The NFL approved a rule change Tuesday that will make pass interference calls and non-calls subject to replay review and coaches challenges.
NFL owners voted Tuesday to implement the new rule on a one-year trial basis.
Prior to Tuesday’s rule change, pass interference was not replay-review eligible.
Coaches will now be able to use one of their allotted challenges to call for replay review of a pass interference situation prior to the final two minutes of a half. Like other reviews, pass interference replays in the final two minutes of a half will be initiated by the league’s officiating office.
NFC championship controversy prompted change
The change was prompted by the controversy in the NFC championship game that saw the Los Angeles Rams advance to the Super Bowl past the New Orleans Saints after a non-call on what appeared to be blatant pass interference on Rams defensive back Nickell Robey-Coleman at a critical juncture of the game.
The league reportedly started considering a change to the rule shortly after the game in the wake of outcry from fans, coaches and players.
Saints pleased with rule change
The Saints posted their reaction to the rule on Twitter shortly after the announcement.
Team owner Gayle Benson, who slammed the NFL after the loss to the Rams, vowed in January to “aggressively pursue changes in NFL policies to ensure no team and fan base is ever put in a similar position again.”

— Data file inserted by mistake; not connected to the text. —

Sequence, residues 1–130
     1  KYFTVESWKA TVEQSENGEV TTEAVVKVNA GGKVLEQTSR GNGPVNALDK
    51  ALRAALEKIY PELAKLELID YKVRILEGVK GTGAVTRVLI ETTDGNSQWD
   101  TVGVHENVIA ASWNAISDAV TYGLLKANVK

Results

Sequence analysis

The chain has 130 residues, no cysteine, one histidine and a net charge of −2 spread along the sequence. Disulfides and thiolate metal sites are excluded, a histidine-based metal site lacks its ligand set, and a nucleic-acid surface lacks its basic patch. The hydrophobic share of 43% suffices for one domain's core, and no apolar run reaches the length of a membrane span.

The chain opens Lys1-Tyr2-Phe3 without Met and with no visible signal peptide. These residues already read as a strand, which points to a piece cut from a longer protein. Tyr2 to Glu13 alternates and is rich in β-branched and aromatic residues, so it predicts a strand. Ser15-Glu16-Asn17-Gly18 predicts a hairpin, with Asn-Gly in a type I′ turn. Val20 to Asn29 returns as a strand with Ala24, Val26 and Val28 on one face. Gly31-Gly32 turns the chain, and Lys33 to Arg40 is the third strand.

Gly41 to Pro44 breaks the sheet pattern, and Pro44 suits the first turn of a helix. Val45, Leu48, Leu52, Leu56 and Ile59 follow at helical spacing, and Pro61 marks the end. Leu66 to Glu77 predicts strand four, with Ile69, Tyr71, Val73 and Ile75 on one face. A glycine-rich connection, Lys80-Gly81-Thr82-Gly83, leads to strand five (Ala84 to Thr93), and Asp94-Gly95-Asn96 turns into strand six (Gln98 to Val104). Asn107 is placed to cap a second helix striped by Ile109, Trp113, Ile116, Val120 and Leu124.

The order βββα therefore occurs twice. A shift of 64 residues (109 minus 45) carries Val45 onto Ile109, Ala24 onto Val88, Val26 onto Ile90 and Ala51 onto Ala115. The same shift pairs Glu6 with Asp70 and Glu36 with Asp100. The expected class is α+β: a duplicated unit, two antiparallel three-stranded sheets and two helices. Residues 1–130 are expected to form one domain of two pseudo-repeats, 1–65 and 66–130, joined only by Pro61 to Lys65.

She said Tuesday that the rule change was the result she was seeking.
“This is what I wanted to happen,” Benson said, per NFL Network. “That’s why I made my statement. (The non-call in the title game) will never happen again.”
League voted in favor of rule change, 31-1
According to NFL Network’s Mike Garofalo, the Cincinnati Bengals were the only team that voted against the new rule that was approved by league owners by a vote of 31-1.
“People compromised on long-held views because people wanted to get it right,” NFL commissioner Roger Goodell told reporters after the announcement.
Sean Payton: NFL ‘got it right’
Saints head coach Sean Payton, who pushed for the change, told reporters after the decision that the league got the rule change right.
“I think it’s more about the football element [than a personal victory],” Payton said. ... This isn’t going to be perfect always, and we know that. The mere shape of the ball tells you it’s not going to bounce the same way. But these are fouls that the analysts are able to point and say, ‘Hey, they’re the most impactful fouls.’ I think we got it right.”
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